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Instructor Class Description

Time Schedule:

Thomas A Horbett
Seattle Campus

Engineering Materials for Biomedical Applications

Combined application of principles of physical chemistry and biochemistry, materials engineering, to biomedical problems and products. Applications include implants and medical devices, drug delivery systems, cell culture processes, diagnostics, and bioseparations. Offered: jointly with CHEM E 490; A.

Class description

This course will provide an overview of the field of biomaterials. The student will learn the history and design principles behind the classes of biomaterials used today in medical devices used as implants in the body or in contact with bodily fluids. Ultimately, the student will obtain the tools necessary to design, analyze, and characterize biomaterials for new applications. The course focuses mainly on the materials in actual clinical usage as part of biomedical devices. The major classes of materials along with their properties, characterization, biological responses,and specific clinical applications are presented. Articles from the current literature are used to highlight ongoing research and development efforts to improve biomaterials and devices. Near the beginning of the course, students make presentations on biomaterials used in a specific clinically used device as way to become familiar with the wide variety and great impact of biomaterials and devices used in humans. Later in the course, the students present an analysis of failure mechanisms of the device they described earlier, especially failures related to the biomaterials used. In the term paper, the students propose a new biomaterial to be used in the device to overcome one or more of the failure mechanisms of the current version of the device.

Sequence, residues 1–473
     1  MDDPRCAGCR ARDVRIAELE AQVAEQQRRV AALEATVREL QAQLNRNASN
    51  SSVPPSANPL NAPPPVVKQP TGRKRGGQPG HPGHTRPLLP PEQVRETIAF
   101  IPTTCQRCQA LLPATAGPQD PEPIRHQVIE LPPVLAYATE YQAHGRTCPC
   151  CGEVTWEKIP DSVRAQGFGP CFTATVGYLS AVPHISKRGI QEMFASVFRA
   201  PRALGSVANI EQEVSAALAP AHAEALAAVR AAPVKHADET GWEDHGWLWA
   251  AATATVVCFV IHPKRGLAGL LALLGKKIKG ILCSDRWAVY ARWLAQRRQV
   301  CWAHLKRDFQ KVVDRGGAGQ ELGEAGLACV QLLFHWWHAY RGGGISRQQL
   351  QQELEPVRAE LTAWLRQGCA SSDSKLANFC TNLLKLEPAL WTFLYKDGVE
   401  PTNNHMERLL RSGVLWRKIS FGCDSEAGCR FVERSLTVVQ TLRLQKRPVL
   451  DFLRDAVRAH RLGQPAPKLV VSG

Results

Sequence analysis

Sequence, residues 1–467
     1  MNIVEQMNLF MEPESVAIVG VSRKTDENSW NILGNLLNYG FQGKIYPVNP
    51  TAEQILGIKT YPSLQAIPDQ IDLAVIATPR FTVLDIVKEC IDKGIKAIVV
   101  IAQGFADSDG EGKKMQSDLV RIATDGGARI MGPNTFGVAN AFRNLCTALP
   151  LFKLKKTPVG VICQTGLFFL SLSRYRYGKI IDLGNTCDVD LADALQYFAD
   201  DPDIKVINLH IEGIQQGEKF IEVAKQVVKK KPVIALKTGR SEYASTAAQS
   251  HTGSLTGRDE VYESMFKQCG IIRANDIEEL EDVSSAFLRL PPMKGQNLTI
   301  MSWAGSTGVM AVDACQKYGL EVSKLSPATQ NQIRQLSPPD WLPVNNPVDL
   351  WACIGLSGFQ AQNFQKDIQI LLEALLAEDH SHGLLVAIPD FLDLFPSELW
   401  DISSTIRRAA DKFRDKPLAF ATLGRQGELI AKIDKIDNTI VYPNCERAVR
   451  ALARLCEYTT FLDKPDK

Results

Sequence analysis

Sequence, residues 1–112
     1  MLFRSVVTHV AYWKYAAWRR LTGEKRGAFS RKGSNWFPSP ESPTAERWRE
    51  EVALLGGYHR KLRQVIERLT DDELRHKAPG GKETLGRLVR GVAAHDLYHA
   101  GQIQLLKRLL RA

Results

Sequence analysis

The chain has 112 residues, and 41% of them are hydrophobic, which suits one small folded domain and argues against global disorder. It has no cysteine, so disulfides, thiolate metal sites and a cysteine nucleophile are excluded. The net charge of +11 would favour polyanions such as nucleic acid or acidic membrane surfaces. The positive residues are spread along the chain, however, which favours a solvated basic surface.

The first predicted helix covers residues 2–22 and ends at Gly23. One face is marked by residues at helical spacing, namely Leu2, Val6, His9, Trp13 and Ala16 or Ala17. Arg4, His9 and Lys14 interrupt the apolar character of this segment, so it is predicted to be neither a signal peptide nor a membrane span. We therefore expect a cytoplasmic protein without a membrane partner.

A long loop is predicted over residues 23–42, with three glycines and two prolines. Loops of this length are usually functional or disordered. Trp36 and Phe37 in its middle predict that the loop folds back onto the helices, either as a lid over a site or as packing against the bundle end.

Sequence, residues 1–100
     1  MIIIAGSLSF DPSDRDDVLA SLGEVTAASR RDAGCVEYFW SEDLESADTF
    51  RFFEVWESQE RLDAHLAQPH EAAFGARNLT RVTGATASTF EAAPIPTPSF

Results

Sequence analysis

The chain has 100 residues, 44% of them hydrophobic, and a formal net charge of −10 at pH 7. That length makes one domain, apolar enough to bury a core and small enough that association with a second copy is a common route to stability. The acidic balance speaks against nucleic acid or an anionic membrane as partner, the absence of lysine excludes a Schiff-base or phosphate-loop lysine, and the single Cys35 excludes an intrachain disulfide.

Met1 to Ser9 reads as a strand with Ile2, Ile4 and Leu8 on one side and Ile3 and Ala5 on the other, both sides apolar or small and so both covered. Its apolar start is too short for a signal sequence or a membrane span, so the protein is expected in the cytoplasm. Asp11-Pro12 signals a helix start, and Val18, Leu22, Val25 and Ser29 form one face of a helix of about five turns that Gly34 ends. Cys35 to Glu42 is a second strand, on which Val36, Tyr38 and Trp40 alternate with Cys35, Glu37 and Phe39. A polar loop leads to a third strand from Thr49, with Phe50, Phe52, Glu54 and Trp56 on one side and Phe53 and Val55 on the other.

Topics Covered: History; relevance and impact; Materials in selected clinical devices (presentations by students in class); Metallic biomaterials: chemical compositions, corrosion/fretting, mechanical properties, osteoinductivity, bone cements; Bioceramics and bioglasses and carbons; natural biomaterials; definitions and terminology; Polymeric biomaterials, chemistry and properties, including polyurethanes and plasma deposited polymers; biomaterials for tissue engineering; biological reactions to implants: blood clotting; foreign body reaction; Failure of devices (presentations by students in class); Surface analysis of biomaterials; Biomaterials in drug delivery; Stents, blood compatibility testing, heparinized surfaces; protein adsorption, foreign body reaction; toxicological testing; device related infection. Biological correlations.

Student learning goals

1. Types of materials used in implanted devices

2. Performance of materials as part of implanted devices in humans

3. Design of material, the rationale for their choice in each type of device

4. Biocompatibility of materials, the reactions of the body to the material and the reaction of the material to the body

5. Failure mechanisms of current biomaterials

6. Design of improved biomaterials, including testing for improved performance

General method of instruction

Lectures by instructor and guest lecturers; two short presentations by students near start and end of the course; term paper

Recommended preparation

Students with background in engineering and some biology and chemistry are the best prepared, but no prerequisites exist as almost all of this background is covered in the text book readings

Class assignments and grading

Class presentation: Approximately 5-8min per student on materials used in an existing device, and 5-8 min per student on failure mechanisms, depending on class size. The first presentation will be near the middle of the course and the second will be near the end of the course. Term paper: design an improved biomaterial to overcome one or more known failure mechanisms of an existing biomaterial in a given device; abstract due first day of finals week, full term paper due at end of finals week. BUT DUE TO HIGH ENROLLMENT IN recent years, THE NATURE OF THE PRESENTATIONS WILL BE CHANGED. Reading: usually from the text book but current literature articles may sometimes be assigned, with questions framed by the instructor to answer, weekly.

Reading, presentations, mid term exam, and term paper, with approximately equal weighting.

The information above is intended to be helpful in choosing courses. Because the instructor may further develop his/her plans for this course, its characteristics are subject to change without notice. In most cases, the official course syllabus will be distributed on the first day of class.
Additional Information
Last Update by Thomas A Horbett
Date: 09/18/2013